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REVIEW: Rose Napoli writes the world of Mad Madge with a glittery, fun-filled gel pen

iPhoto caption: Photo by Dahlia Katz.
/By / Apr 18, 2024

When you watch Rose Napoli’s new play Mad Madge, produced by Nightwood Theatre in association with VideoCabaret, you might find yourself recalling other larger-than-life rom-coms.

Easy A might come to mind, the rasp of Emma Stone’s voice and her character’s struggles against haughty frenemies. Ten Things I Hate About You, too, could crop up as a reference point (or any number of mid-2000s bangers starring Amanda Bynes — most of them echo the themes of Napoli’s audacious biography of 17th-century philosopher and poet Margaret Cavendish). Frequent Toronto theatregoers might also find themselves thinking of Kat Sandler’s WILDWOMAN, another recent play in which Napoli starred as a powerful woman with a story mostly lost to history.

Yes, Mad Madge’s influences sing through the text. But with her trademark wit and relentlessly goofy sense of humour, Napoli’s also created a totally original work of historical exploration, re-sculpting the story of Cavendish with jokes about pooping and sex toys to spare. This is a 17th-century fable with 21st-century zing — never does the language succumb to antiquated syntax or out-of-reach cultural references. Napoli writes the world of the socially uncouth Madge and her conquests with a bright pink, glittery gel pen, filling in any details lost to time with a wild and raunchy imagination. The end result, brought to life with gusto by director Andrea Donaldson, is a great time at the theatre, with impressive performances and lovely design to boot.

The short version: real-life literary giant Margaret Cavendish wants to be famous. She wants to be remembered for centuries to come, and she’ll do what it takes to make that happen. Forget love — she has more important things to worry about, like befriending the queen and ensuring her legacy is secure for future generations.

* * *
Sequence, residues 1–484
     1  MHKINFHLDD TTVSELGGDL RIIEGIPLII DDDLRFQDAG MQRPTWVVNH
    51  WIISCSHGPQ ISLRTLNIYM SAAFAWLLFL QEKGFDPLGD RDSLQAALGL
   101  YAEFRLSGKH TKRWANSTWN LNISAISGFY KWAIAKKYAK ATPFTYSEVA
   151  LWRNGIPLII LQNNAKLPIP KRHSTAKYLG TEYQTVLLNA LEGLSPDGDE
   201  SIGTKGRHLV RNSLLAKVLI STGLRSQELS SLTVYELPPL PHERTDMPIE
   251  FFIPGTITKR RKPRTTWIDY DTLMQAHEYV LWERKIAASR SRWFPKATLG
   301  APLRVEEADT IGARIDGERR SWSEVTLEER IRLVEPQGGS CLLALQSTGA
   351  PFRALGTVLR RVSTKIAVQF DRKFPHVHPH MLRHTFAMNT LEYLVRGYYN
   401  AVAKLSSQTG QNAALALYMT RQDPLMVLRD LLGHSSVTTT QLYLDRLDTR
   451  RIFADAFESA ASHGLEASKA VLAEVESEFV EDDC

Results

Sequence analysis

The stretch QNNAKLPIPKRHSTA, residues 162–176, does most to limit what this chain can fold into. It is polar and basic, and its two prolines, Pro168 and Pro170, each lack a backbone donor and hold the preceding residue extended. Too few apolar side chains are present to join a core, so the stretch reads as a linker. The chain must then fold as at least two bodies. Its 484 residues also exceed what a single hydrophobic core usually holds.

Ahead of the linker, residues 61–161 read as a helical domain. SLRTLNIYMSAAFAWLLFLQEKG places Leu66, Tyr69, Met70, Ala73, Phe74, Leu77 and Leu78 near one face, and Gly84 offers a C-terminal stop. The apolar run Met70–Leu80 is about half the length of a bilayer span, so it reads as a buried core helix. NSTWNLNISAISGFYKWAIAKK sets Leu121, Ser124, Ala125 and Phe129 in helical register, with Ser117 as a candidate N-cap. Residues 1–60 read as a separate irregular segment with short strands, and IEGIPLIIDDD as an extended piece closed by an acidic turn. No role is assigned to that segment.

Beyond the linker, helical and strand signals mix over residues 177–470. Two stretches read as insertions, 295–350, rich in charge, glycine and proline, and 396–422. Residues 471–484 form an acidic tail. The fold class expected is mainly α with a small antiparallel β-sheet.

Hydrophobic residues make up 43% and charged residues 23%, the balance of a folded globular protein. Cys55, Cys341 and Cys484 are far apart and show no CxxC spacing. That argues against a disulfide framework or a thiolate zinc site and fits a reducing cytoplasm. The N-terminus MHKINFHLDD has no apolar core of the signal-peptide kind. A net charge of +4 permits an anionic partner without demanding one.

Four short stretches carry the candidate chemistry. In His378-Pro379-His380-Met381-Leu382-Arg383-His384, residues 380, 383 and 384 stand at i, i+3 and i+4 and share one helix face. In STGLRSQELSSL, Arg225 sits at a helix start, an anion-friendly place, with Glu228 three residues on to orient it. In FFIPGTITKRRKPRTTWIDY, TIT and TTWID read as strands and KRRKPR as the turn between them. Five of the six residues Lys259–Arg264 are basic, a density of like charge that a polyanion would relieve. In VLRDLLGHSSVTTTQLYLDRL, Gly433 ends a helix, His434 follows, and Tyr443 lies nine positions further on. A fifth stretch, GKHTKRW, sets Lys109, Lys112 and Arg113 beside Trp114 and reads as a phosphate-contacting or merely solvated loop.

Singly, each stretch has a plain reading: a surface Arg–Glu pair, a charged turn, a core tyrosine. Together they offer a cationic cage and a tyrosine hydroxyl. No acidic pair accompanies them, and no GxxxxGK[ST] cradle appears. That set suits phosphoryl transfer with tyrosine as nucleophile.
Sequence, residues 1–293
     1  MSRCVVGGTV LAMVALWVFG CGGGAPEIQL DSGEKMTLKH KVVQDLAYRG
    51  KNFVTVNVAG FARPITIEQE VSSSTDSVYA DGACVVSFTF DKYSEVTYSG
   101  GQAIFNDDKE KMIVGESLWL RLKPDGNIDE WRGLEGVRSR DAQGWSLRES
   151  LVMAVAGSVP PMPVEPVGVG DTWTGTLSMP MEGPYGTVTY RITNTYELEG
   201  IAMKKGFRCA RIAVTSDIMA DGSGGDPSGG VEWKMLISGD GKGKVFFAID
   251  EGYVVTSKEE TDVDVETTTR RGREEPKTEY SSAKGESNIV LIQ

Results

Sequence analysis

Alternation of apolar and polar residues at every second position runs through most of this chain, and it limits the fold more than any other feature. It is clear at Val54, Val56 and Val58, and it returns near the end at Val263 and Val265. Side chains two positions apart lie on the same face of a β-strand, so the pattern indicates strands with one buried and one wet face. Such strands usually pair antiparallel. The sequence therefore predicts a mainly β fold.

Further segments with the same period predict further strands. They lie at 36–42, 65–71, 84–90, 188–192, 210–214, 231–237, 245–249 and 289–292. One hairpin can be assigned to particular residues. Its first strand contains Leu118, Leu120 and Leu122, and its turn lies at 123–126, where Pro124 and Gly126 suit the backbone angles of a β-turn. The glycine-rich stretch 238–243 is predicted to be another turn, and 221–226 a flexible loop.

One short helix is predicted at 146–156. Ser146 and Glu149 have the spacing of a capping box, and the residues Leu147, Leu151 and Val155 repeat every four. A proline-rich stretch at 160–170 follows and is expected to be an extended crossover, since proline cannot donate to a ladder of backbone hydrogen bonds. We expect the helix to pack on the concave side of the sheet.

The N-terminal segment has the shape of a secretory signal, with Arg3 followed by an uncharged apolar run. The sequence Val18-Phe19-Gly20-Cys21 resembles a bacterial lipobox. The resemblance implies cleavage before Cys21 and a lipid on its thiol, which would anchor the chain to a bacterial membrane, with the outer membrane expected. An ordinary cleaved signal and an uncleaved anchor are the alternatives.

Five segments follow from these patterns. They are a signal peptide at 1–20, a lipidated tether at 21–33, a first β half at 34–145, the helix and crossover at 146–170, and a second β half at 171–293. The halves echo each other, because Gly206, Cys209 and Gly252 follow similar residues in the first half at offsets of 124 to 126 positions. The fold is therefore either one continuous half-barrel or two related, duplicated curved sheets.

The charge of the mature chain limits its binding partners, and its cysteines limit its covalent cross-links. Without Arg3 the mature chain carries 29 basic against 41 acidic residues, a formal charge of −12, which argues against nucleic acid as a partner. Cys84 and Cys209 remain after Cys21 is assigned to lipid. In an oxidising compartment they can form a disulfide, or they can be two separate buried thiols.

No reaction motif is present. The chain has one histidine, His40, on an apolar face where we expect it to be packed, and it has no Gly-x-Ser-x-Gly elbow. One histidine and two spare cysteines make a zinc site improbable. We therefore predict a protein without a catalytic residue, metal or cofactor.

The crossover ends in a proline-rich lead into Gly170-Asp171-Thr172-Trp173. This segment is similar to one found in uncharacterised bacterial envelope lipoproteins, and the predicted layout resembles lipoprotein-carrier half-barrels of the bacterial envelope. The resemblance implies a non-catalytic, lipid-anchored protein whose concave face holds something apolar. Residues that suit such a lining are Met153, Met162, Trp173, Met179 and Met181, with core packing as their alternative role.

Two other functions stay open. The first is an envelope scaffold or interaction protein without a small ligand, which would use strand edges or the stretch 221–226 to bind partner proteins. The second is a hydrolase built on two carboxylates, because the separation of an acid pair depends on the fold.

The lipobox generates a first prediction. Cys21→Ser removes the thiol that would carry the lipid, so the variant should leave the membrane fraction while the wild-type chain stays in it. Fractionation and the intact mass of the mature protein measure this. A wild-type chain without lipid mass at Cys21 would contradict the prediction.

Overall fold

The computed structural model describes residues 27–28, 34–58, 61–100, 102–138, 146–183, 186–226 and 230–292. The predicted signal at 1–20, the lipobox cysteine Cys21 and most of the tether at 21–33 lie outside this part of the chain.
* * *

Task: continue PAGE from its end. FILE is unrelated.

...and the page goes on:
Of course, it’s not that simple. The queen, played by a funny and well-cast Nancy Palk, is kind of a nightmare — her whims are difficult to track from one moment to the next, and her demands, often toilet-related, are kind of gross. As well, there’s a man — William, played by the ever-endearing Karl Ang — and he might be a barrier to the solo notoriety Margaret so desperately craves.

Rounding out Margaret’s world are a series of double-cast members of the queen’s court, as well as members of Margaret’s family out in the English countryside, played by the lovely trio of Wayne Burns, Izad Etemati, and Farhad Ghajar.

The audience accesses Margaret’s turbulent rise to stardom through an in-the-round configuration, situated on the edges of a small checkered platform (Astrid Janson, Abby Esteireiro, and Merle Harley are credited with the show’s set, costume, and prop design). The costumes are a focal point of the play, created with care out of luxe taffeta and gauzy tulle. While the lexicon of Margaret’s world might be oh-so-Gen-Z, the design of it is much more grounded in the 17th century, with corsets and floral stomachers to spare.

Overall, Mad Madge is a hoot, a compelling story rendered accessible and charming by Napoli’s text and Donaldson’s realization of it. It’s a touch unfortunate that Mad Madge’s production so immediately follows Soulpepper’s production of WILDWOMAN last year — in a lot of ways, Sandler and Napoli paint their heroines and chosen slices of patriarchy with similar strokes — but two potty-mouthed hours with this cast flits by quickly, with jokes at every turn. During the curtain call, Donaldson and her team have elected to play Chappell Roan’s “Pink Pony Club” — an astute, hot pink, unabashedly sexy choice for Madge and her trail of redemptive chaos.

Mad Madge runs at The Theatre Centre until April 21. Tickets are available here.

Intermission reviews are independent and unrelated to Intermission’s partnered content. Learn more about Intermission’s partnership model here.

Aisling Murphy

Aisling Murphy

Aisling is Intermission's senior editor and an award-winning arts journalist with bylines including the Toronto Star, NEXT Magazine, CTV News Toronto, and Maclean's. She likes British playwright Sarah Kane, most songs by Taylor Swift, and her cats, Fig and June.



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